... we saw before us, on the rock, a huge man. His gray hair was long and in ringlets. His neck was as large as a barrel. His feet were large, and he had on a strange sort of dress. On his feet were black shining moccasins with silver clasps. He had close-fitting leggings. His coat was olive-green outside, and bright blue and red inside... As his mouth was open, I saw he had two large teeth only, on his upper jaw, one of which was broken off. 

The water fairies explain that their race is divided into twelve tribes, each ruled over by a king. The kings are able to travel through the air, and can live in water or on land. The kings catch children who fall into lakes or rivers and bring them to someplace safe.

That sounds nice, but what finally happens to the children that they save? Well, once a year the twelve kings gather together, kill the children, and eat them. Apparently the pot the hunters found contained the remains (or the beginnings) of their feast.

At this point I would definitely leave. And you know what? The hunters leave and head back home. That's the end of the story.

There are a lot of interesting things about this article. Water-dwelling fairies are found in the folklore of many northern New England Algonquin tribes, and they are generally benevolent. Even in this story the warnungmeksooark themselves seem pretty nice, but their kings are another matter entirely. Algonquin folklore also often describes malevolent beings who lure children to their doom, and the water-fairy kings seem to be a variant of this.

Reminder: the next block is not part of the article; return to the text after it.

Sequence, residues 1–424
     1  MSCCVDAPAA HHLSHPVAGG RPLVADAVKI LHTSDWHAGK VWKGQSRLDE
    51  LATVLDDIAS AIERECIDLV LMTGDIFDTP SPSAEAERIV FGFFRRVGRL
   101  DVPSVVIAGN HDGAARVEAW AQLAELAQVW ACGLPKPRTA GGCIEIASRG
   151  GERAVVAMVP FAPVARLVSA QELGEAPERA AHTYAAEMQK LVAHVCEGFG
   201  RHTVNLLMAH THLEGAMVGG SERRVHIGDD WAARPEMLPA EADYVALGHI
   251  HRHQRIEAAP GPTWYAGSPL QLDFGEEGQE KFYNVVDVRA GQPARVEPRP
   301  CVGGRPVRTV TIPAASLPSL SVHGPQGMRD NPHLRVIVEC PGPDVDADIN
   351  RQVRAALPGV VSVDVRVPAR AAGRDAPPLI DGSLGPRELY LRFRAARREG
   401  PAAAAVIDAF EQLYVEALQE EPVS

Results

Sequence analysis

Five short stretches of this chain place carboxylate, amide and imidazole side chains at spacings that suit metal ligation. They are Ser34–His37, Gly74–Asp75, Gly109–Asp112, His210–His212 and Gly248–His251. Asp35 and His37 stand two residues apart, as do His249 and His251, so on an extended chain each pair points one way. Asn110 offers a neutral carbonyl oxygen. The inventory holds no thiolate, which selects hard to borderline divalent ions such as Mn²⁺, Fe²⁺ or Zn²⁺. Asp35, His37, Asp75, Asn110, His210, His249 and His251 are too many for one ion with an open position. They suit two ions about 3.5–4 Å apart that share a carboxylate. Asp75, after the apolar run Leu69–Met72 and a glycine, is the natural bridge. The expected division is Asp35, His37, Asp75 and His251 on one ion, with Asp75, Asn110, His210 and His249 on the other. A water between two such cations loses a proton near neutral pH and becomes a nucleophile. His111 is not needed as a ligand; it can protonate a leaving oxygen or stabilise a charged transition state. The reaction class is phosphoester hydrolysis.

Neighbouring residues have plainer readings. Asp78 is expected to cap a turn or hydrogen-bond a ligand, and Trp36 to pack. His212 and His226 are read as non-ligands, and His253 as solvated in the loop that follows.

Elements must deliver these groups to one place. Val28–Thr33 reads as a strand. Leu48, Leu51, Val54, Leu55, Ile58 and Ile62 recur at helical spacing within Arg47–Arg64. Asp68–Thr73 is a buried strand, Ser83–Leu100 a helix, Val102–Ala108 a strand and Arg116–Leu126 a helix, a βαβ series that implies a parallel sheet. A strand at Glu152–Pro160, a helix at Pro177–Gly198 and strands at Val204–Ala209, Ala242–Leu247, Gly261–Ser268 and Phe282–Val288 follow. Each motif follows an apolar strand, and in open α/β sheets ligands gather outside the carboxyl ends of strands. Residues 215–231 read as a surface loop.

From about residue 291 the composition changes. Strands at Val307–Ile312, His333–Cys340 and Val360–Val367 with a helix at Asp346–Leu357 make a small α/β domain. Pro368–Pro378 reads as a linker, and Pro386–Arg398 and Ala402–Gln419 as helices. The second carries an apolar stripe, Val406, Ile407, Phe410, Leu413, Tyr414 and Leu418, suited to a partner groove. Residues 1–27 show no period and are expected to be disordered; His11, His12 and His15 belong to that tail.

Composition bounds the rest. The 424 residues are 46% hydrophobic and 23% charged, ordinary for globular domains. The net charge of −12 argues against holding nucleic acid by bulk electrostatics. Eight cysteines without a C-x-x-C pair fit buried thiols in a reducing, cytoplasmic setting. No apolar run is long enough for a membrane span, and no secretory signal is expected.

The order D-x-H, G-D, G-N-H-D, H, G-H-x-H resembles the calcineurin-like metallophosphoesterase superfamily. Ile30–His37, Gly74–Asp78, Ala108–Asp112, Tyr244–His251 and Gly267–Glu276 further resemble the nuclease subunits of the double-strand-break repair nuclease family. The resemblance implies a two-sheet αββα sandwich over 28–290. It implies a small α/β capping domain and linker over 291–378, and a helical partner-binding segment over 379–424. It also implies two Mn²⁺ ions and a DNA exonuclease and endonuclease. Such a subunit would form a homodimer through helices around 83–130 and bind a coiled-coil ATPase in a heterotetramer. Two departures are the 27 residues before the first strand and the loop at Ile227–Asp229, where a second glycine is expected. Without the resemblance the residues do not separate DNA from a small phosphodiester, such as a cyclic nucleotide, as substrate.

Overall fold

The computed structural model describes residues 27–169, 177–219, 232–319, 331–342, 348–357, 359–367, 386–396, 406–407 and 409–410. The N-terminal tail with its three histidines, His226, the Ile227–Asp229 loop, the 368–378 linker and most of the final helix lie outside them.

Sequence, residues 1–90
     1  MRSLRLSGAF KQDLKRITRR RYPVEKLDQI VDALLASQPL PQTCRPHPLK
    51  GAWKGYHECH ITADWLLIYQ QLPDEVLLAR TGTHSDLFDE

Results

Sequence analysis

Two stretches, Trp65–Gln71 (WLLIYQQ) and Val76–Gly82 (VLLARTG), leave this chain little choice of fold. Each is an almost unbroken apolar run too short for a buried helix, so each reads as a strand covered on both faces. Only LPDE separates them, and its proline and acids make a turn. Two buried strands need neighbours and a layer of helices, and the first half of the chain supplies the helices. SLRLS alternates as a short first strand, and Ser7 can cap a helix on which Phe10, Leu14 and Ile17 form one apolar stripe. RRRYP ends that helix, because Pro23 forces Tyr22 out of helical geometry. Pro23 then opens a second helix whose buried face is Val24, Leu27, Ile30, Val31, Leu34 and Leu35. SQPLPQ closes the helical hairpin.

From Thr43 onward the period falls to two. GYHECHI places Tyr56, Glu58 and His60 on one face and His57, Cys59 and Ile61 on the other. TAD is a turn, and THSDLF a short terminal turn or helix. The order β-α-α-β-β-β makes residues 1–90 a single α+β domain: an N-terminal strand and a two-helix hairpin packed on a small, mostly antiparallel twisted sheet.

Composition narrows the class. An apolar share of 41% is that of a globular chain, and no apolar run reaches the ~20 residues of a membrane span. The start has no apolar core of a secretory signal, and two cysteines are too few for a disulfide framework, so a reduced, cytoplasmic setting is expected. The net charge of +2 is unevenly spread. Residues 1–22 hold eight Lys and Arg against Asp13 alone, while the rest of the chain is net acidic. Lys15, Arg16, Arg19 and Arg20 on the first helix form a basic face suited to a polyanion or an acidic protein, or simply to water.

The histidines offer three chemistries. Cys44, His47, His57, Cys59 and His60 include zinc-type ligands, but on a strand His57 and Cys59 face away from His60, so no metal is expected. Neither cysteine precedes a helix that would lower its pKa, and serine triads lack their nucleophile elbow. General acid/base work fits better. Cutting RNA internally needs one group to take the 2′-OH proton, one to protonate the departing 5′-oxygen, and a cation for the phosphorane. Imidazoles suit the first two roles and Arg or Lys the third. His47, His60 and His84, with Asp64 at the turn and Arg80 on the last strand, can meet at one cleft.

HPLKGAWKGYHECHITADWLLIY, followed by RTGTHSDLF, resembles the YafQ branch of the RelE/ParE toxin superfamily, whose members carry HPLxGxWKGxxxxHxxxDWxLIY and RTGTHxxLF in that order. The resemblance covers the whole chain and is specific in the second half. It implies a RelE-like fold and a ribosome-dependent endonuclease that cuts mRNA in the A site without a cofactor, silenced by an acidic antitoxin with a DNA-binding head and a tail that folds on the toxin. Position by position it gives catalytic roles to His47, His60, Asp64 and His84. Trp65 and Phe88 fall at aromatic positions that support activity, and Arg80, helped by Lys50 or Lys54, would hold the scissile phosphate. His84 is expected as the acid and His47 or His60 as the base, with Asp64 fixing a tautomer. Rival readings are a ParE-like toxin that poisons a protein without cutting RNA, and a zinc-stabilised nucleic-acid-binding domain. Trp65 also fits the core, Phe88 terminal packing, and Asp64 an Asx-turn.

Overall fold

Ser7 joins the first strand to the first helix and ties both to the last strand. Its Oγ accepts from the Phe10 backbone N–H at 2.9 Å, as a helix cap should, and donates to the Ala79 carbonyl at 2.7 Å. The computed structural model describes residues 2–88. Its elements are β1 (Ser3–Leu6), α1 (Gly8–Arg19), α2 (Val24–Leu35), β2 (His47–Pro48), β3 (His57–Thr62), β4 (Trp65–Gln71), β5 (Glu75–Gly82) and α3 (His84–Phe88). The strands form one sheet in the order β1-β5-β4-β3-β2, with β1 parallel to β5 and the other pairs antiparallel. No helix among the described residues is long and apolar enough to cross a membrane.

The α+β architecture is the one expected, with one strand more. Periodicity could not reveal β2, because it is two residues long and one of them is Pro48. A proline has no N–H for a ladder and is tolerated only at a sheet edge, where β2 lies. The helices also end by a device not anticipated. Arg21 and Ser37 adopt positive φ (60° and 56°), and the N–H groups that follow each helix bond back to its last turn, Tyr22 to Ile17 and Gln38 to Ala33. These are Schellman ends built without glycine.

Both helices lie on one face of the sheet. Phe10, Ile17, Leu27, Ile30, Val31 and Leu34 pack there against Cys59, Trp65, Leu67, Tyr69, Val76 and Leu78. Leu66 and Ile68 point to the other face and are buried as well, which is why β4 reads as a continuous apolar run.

The sleeping king, particularly with his shiny buckled shoes, curly hair, and his brightly colored coat, seems to resemble someone of European descent. Maybe it could be a little bit of political commentary?

I really like the narrative arc of this story. The hunters slowly learn more as they travel further into the wilderness, and the strange noises and gruesome wigwam set a creepy mood. Neptune has always wanted to meet the water-fairies because they can tell the future. They do tell him they can do this, but he never gets to ask them any questions. My expectations for the story were foiled!

People do still see fairies in New England, but not quite like the warnungmeksooark. However, the frantic running of the water fairies does remind me of the these tiny high-speed cavemen seen on the Connecticut River. Perhaps they are the same entities? If so, let's just hope their kings aren't anywhere nearby.